The dbShards architecture is a “shared nothing” implementation, such that as you add application servers and database servers, all components are independent and can be used for increased scalability. Using this sharded approach, applications can expect linear write scalability, and often better than linear read scalability. How is better than linear scalability possible? Because the native DBMS engines perform exceedingly well on smaller, properly sized databases, and when the shard size is correct for a given application, we alter the Database Size to Memory/CPU balance, achieving incredibly fast query times. The DBMS engines are highly efficient at caching recent results, indexes, and with dbShards we allow applications to take advantage of this capability. (In many cases this reduces the need for external caching tools).

Note that each Shard Server has a Secondary server backing it up. This is another key to the dbShards approach, because when you add shards you are adding failure points. The design goal was clear: Provide full reliability for each shard (for planned and unplanned “hot” failover), in a high-performance, scalable implementation. After researching every existing database reliability technology, we came to the conclusion that this capability did not exist. All previous implementations were either too slow, or relied on shared components that would conflict with a pure “shared nothing” design. Based on this analysis, we developed dbS/Replicate, our reliable replication technology. For each shard, here is how the architecture works:

We call this approach “out of band” replication, because we perform high-speed replication outside the native DBMS. The way it works is as follows:

  1. The dbS/Client streams SQL write statements to the DB (DBMS) and dbS (dbS/Agent) simultaneously, on the Primary shard server. 
  2. The dbS/Agent then replicates the transaction to the dbS/Agent on the Secondary shard server. Now the transaction is reliable, as it exists on 2 servers. Once this happens, the transaction is committed to the DBMS on the Primary server.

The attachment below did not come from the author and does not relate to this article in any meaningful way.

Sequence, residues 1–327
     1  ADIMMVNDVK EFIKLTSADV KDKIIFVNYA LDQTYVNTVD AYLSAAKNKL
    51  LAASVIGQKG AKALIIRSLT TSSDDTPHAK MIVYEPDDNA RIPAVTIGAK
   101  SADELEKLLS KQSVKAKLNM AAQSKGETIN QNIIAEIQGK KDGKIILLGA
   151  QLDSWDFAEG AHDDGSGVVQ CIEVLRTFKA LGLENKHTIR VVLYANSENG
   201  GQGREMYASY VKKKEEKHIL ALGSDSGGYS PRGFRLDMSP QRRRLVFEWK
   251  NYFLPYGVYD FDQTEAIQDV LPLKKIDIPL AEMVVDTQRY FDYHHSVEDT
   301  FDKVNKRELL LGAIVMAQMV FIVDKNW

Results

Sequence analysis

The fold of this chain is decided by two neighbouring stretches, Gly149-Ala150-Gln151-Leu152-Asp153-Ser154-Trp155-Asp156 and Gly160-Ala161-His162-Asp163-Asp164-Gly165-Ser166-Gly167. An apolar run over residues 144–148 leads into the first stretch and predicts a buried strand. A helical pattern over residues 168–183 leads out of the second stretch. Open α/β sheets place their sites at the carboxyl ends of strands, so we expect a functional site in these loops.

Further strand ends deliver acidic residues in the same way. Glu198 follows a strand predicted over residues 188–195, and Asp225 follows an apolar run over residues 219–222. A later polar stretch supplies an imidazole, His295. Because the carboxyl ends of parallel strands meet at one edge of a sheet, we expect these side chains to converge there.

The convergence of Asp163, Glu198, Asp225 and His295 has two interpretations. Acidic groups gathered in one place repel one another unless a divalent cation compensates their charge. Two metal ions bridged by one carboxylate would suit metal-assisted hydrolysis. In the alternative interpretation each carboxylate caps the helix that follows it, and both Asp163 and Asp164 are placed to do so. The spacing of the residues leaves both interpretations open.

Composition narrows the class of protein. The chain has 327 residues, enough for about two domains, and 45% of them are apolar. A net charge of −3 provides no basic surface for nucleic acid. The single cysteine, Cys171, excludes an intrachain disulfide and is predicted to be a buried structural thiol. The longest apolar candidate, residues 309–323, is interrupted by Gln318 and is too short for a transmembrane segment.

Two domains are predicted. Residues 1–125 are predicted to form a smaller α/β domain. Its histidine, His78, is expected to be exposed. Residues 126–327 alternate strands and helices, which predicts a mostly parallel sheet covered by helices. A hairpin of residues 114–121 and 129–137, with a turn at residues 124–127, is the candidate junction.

3. The dbS/Agent on the Secondary server then replicates the transaction to the DBMS on the Secondary server, generally a few milliseconds behind the Primary DBMS.

If a failure occurs, or if maintenance is required, the Secondary can be “promoted” to the Primary role at any time. A single shard can operate with just a single shard server temporarily, or a spare hot standby can be used as the new Secondary, maintaining the same level of reliability. Failover generally takes only a few seconds from the time the failure is detected (or initiated by a system administrator).

There are several advantages to this approach:

  1. It is very lightweight, and scales linearly as more shard servers are added.
  2. The approach provides the lowest possible latency for write transactions (85% - 90% the speed of an unprotected native DBMS).
  3. The Secondary DBMS can be taken offline for maintenance, without affecting reliability or application operations. This capability is used for “re-sharding” a database, performing index optimizations, schema changes, etc.
  4. The Secondary provides a near-real-time copy of the database, which can be used for reporting queries without adversely impacting application operations.